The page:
Document Type


Publication Date

July 2013


Extension service, beef cattle, beginning ranchers, beginning producers


The average age of beef producers in the USis 58 and increasing. A need exists to increase theopportunity and success for the next generation of beefcattle producers. Extension at SDSU and South DakotaFarm Bureau Federation partnered to address this byproviding a 3-year educational program that assistedbeginning beef cow-calf ranchers in South Dakota tobecome economically, ecologically, and sociallysustainable producers. The goal was to present a curriculumthat contributed to future agricultural production, landstewardship, and rural community viability. The learningobjectives were to provide: (1) evaluation of alternativeproduction systems, (2) an integrated understanding of theentire US beef cattle industry, and (3) development ofindividual cattle enterprise plans. The target audience was agroup of 30 beginning beef cattle enterprises represented by43 individuals (several couples and a pair of brothersparticipated). The curriculum was comprised of six majorkinds of activities: (1) instructional workshops, (2) casestudies of established successful producers using a varietyof production systems and management practices, (3)evaluation of post-weaning performance of participants’calves, (4) mentoring from established beef ranchers andother industry professionals, (5) web-based interaction, and(6) travel study trips to learn about other segments of thebeef cattle industry. Outcomes of the program wereevaluated using surveys of the participants beginning at 12months into the program and thereafter at 6-monthintervals. Responses were primarily open-ended writtenanswers, lending themselves to qualitative analysis.Responses indicated that meaningful outcomes haveoccurred. For example, when asked the impact of theprogram on their operation, one producer indicated: “I justhad to tell you guys that our net worth has increased by$37,000. If we can continue to be diligent we can eitherkeep 30+ bred heifers or operate on our own money by theend of the year.” Other participants reported comparableimpacts. In conclusion, the beefSD program has beensuccessful at fostering positive outcomes for the beginningproducer participants.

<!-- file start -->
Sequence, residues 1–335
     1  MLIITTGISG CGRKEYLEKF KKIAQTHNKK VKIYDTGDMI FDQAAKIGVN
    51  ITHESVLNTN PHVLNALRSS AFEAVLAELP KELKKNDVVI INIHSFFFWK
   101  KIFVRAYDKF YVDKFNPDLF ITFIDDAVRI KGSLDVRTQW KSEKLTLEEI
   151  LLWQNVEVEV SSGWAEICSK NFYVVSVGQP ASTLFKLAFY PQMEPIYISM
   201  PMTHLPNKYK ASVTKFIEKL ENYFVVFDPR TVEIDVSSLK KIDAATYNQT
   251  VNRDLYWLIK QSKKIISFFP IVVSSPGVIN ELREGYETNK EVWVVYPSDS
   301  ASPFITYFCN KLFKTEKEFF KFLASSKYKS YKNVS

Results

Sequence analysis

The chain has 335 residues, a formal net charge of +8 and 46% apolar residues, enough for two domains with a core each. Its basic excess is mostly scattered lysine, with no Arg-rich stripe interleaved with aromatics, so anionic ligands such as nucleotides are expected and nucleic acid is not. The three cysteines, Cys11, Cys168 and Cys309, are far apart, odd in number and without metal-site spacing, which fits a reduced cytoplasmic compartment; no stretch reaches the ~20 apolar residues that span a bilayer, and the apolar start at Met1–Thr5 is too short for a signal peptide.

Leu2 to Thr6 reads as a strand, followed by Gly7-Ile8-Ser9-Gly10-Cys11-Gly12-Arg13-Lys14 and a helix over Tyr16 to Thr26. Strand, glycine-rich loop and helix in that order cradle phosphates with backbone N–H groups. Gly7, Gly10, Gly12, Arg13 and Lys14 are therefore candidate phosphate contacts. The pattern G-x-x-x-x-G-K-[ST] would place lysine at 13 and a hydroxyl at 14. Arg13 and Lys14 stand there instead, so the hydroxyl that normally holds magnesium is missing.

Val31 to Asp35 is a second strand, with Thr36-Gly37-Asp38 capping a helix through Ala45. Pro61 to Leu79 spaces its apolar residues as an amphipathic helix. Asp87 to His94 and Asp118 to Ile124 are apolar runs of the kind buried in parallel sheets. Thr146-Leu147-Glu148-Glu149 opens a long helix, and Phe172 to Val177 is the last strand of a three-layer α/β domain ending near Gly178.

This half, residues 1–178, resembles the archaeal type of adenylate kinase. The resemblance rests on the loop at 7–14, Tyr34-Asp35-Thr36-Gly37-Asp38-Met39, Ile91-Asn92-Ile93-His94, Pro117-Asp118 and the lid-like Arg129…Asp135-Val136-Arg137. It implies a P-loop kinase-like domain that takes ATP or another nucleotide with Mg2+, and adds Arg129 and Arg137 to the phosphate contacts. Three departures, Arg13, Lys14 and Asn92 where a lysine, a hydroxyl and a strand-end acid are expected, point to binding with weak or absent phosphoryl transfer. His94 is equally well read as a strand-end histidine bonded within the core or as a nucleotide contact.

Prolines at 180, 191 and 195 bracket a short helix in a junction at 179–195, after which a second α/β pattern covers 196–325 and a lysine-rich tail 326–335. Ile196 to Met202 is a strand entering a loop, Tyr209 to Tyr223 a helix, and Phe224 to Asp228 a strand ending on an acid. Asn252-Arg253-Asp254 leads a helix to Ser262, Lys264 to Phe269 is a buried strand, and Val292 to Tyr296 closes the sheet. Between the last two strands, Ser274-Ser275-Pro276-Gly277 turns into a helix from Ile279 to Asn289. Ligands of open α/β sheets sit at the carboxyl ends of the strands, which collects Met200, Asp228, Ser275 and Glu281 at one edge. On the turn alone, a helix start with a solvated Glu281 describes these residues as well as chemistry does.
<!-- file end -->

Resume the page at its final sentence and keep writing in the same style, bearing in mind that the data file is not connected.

This was originally published in Proceedings, Western Section of the American Society of Animal Science held on July 25-27, 2014 in San Angelo, Texas. Copyright © 2014 American Society of Animal Science.